Only cybernetic security events of a suspicious and criminal nature are within the scope of the Protocol; it does not include incidents or crises caused by a natural disaster, a mistake caused by man or a failure in the system. Therefore, in order to determine the criminal nature of the attack, it is vital that the first reactions involves all the necessary measures to preserve electronic tests that could be found in the computer systems affected by the attack, which are essential for any penal investigation or legal proceeding.
Being an Agency of the EU for cooperation in police matters, Europol is obliged to provide support for member states in order to effectively detect, investigate, interrupt and deter large-scale cyber crime, if it appears to be of a criminal nature.
Gangland activity in England often happens under the radar of the authorities, although defining what we understand to be a gang is not simple.
A report estimates that there are currently 27,000 children of both sexes that are part of gangs in England.
But how was such a figure reached?
Every year, the UK National Statistics Office carries out a crime survey by elaborating a representative sample of homes and their experience of the crime scene. Over the last three years, children between the ages of 10 to 15 have been asked if they regarded themselves to be members of a street gang.
The commissioner’s office for children in England made its own calculations with these figures.
Last year, a sample of some 4,000 children, 0.7% (about 30 children) said that they considered themselves to be members of street gangs. This figure was expanded to give an estimated figure of 27,000 all over England last year.
This is an estimate, but the report offers a much lower figure of 6,560 children properly known by teams that deal with child services, for participating in gangs.
The report concludes that the difference between the highest figure and the lowest is that most gang members are known to the authorities.
There is a lack of knowledge at the moment, but there is likely to be a high number of young people who participate in gangs that are unknown to the authorities, although there may be as many as 27,000 children who are involved in gangs.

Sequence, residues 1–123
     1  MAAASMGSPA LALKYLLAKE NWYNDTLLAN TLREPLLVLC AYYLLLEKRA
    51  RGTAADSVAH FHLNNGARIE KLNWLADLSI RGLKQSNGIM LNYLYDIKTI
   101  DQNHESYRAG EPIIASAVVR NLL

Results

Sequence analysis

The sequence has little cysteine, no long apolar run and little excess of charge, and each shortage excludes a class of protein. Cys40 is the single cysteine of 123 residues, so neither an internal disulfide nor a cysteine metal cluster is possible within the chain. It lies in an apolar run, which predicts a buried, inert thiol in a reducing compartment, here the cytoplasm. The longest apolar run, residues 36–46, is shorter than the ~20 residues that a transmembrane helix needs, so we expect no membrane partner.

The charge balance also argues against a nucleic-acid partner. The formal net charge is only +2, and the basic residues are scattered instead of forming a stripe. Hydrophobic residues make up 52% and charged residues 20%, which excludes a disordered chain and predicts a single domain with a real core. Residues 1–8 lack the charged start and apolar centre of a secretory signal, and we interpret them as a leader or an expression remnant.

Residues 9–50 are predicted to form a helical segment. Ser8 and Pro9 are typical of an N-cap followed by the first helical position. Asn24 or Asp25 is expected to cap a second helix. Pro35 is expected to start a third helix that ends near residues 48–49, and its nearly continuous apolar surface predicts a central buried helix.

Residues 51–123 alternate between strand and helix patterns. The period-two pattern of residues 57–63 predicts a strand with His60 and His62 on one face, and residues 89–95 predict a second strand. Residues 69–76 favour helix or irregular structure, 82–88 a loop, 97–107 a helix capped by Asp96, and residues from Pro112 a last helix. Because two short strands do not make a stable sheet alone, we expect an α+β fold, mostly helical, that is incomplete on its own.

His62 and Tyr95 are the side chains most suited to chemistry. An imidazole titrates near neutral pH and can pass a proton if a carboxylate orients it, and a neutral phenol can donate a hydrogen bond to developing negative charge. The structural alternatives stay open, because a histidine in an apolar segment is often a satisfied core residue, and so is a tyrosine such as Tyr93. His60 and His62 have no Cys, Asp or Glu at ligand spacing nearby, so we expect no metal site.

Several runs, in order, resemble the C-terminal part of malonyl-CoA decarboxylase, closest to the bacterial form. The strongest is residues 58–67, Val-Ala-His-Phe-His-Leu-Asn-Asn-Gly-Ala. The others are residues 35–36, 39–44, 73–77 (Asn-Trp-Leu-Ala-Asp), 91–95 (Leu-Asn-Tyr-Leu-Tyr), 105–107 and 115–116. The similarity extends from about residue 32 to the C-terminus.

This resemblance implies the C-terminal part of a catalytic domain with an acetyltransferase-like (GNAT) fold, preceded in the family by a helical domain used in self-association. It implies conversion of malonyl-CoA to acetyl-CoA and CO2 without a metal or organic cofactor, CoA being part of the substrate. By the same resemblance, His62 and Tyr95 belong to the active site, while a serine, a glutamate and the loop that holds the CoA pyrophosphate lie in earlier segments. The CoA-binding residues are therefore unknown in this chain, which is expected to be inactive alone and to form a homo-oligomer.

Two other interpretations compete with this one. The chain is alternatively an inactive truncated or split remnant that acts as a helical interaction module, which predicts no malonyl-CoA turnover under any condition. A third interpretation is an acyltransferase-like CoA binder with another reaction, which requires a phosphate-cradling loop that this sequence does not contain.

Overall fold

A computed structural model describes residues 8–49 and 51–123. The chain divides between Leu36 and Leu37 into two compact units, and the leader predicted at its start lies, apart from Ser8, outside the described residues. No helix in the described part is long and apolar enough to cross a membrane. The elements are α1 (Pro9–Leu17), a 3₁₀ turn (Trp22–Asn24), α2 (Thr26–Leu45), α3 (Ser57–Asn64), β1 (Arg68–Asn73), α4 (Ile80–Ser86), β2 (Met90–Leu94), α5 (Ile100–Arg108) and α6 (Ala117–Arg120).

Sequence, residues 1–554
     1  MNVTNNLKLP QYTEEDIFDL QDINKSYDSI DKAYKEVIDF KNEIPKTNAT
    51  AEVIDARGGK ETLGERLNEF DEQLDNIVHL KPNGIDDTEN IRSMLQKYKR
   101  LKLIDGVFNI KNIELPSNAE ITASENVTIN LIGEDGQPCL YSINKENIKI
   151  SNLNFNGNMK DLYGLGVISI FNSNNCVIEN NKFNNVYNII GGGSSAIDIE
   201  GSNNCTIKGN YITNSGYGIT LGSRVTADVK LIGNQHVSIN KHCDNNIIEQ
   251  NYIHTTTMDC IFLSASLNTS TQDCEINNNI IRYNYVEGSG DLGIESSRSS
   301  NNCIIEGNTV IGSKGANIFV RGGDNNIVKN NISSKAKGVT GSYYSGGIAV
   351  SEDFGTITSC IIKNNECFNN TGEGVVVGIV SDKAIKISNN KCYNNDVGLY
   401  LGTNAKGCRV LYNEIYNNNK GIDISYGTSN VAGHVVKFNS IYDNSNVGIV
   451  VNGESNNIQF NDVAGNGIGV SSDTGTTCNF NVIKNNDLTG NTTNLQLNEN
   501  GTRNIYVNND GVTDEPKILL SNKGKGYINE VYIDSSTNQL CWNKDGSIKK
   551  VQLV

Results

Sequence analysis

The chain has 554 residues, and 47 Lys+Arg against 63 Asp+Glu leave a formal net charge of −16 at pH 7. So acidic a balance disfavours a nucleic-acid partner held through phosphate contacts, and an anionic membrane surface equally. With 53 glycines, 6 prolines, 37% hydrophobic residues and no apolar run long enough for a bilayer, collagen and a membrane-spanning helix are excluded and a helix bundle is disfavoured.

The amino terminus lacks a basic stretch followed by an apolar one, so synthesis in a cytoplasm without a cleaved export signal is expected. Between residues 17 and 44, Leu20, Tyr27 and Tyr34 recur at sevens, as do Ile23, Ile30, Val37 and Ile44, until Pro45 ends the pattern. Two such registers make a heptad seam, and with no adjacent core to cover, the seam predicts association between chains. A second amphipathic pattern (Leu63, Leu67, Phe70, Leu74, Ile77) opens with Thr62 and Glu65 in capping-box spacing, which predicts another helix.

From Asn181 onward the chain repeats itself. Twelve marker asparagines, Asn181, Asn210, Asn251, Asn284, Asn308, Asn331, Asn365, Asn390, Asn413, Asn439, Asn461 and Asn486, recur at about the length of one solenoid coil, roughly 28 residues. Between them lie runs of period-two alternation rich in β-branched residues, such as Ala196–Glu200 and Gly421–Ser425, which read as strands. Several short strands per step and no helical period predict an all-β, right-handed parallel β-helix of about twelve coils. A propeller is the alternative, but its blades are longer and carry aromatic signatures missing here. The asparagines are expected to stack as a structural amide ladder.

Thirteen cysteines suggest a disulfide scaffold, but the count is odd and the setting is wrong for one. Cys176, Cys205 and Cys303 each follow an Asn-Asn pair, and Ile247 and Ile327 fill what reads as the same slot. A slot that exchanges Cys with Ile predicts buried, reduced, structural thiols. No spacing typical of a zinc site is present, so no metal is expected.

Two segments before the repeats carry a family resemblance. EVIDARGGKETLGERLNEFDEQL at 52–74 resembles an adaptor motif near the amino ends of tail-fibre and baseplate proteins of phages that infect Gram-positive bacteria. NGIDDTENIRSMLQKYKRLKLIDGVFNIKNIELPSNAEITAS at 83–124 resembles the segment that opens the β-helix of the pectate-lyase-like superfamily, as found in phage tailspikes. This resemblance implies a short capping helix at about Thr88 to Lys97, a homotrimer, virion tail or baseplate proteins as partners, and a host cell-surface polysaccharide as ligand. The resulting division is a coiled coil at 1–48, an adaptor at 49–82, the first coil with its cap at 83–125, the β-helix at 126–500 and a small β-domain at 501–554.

As these figures come from a custom-made analysis, there is no comparable individual data with gang violence and criminal activities in Scotland, Wales and Northern Ireland.
But in London, the Metropolitan Police keeps a database known as the Gangs Matrix, which contains names of between 3,000 and 4,000 “persons of interest”.
The database has been criticised because of its disproportionate orientation towards young blacks that may have links with violent crime.
In 2017, when the latest time crime estimations were published, one of every 500 violent crimes recorded by the London police force was identified as being related to gangs. Since 2010, 15% of homicides in the capital have been related to gangs.
There has also been an increase in concern about children of both sexes that are exploited by drug gangs.
Bearing in mind the illegal nature of operations in the field of narcotics, the total participation is difficult to know, but most references received by the National Crime Agency affect minors of between 15 and 17 years of age.
Anti-social behaviour at football matches is a well-known problem everywhere. The police, football associations and governments have used many interventions and strategies aimed at anticipating and responding to such problematic behaviour. Regarding two international sports events in Qatar: the 2019 World Athletics Championship and the 2022 FIFA World Cup, the University of Qatar commissioned a report from RAND Europe about violence and disturbances at international sports events.
The objective of the study was to understand the nature and factors associated with antisocial and violent behaviour at football matches and examine the effectiveness of existing approaches to anticipate and respond to such behaviour.